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Going Beyond – Preparing for Seniors

Emergency Planning for Seniors Emergency Preparedness for Seniors

Just as we want to prepare ourselves and our children for an emergency, we also want to make sure our elderly parents, grandparents, family, and friends are ready for the unexpected. Due to their age, older adults may likely have already experienced an emergency situation or two and know how to react quickly. However, the aging process can also make someone more vulnerable especially if they have a medical condition, mobility limitations, or dementia.

If you are one of many families to have your elderly parents residing with you, you want to make them feel comfortable and safe at all times. If we are not home with them when a disaster occurs they need a well thought out emergency plan. Putting together an emergency kit customized to their needs is essential. There are many good sites with some basic checklists to familiarize yourself with. The CDC has put together some simple things to consider when preparing the elderly for an emergency.

Having a plan in place where a neighbour or friend can stop by to check in on a parent, grandparent, or other family member, will help them feel less anxious or panicked. For those elderly individuals who are still living on their own, evacuating quickly may not be an option and they may have nowhere else to go. Making sure their kits are fully stocked, along with these extra medical supplies, can help them stay comfortable and safe until help arrives. Some senior’s residences hold emergency preparedness workshops and many get their kits at these events. Check through their kit and make sure everything is in good working condition and that food bars and water haven’t expired. Most have a 5 year shelf life. Replacement food and water like these Food Bars and water pouches will make things easy and effortless, saving them from the worries of cooking.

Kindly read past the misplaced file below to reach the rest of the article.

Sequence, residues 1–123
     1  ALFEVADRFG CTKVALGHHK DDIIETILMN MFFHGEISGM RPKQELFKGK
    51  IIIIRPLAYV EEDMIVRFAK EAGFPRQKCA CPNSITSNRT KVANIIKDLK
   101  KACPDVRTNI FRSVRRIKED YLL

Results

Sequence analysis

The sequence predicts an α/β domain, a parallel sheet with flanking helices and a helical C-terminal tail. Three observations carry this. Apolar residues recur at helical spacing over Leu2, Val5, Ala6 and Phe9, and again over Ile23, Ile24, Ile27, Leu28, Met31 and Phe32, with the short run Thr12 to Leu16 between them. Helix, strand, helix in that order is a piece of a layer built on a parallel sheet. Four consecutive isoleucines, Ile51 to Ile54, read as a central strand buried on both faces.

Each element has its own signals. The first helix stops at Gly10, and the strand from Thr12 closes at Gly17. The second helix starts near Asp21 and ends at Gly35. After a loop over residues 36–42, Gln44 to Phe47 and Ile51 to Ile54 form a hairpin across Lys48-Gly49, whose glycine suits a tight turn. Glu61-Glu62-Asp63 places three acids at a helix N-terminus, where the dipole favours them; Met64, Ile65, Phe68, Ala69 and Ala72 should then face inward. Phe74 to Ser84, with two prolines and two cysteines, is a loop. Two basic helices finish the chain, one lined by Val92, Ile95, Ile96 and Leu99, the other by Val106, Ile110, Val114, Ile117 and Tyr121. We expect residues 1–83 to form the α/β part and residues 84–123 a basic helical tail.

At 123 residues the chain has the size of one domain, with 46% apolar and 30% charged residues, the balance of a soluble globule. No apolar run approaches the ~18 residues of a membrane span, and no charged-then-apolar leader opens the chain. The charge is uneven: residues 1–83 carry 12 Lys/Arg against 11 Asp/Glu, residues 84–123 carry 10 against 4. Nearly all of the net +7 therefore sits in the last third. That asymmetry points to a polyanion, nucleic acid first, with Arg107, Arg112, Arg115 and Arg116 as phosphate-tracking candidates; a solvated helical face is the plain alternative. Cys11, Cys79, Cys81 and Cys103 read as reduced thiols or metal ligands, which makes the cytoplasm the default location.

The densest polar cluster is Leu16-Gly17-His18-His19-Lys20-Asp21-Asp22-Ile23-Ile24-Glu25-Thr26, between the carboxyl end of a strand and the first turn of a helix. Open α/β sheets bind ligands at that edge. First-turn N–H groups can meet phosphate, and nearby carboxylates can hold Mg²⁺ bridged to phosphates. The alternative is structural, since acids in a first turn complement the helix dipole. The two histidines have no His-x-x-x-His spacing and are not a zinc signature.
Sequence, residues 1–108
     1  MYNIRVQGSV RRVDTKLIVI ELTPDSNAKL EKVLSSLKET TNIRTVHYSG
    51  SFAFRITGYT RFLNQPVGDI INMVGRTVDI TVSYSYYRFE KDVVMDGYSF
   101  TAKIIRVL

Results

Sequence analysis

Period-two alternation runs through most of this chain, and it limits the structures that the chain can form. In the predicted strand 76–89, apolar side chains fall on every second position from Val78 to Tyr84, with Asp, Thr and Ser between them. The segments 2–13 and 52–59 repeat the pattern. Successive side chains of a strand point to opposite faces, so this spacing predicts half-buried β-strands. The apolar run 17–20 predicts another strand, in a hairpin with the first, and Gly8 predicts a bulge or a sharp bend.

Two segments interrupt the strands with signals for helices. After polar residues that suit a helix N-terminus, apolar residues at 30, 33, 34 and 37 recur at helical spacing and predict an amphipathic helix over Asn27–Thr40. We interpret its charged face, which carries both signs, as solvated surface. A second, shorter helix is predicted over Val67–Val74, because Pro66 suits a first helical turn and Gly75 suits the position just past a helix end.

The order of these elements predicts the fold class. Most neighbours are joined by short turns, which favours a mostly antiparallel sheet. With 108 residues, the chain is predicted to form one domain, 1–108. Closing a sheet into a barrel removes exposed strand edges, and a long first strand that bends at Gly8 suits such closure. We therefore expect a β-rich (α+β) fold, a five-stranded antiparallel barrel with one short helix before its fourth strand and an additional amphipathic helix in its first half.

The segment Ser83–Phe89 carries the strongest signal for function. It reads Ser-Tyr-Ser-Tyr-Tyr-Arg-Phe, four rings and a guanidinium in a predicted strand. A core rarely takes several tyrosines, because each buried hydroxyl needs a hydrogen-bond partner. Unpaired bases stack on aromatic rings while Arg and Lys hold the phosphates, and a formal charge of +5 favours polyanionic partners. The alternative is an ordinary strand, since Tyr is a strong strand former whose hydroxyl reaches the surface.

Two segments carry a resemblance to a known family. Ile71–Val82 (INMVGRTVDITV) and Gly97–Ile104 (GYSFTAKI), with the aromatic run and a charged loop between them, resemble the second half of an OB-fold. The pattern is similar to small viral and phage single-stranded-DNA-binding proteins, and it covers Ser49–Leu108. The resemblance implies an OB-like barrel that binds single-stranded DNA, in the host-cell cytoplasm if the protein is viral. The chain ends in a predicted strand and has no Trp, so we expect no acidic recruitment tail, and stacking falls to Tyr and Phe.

Some additional supplies to think about:

  • Extra pair of glasses
  • Hearing aids with extra batteries
  • Oxygen
  • Current medications (and photocopies of prescriptions)
  • Medical devices (including style and serial number)
  • Evacuation plan (and phone numbers of where they can go in an emergency)
  • Service animal food or supplies
  • Warm blankets and slippers
  • Emergency contact list (including Dr. phone number, and pharmacy numbers)
  • Family pictures

The effects that an emergency can have on an individual can vary, however exposure to certain conditions caused by a disaster can aggravate chronic ailments for seniors. Ensuring they have enough food, water, medication, and warmth are some of the things to consider when putting together an emergency kit. Taking into account what they need on a daily basis, and what type of disaster is more likely to occur in their area, could mean their survival.

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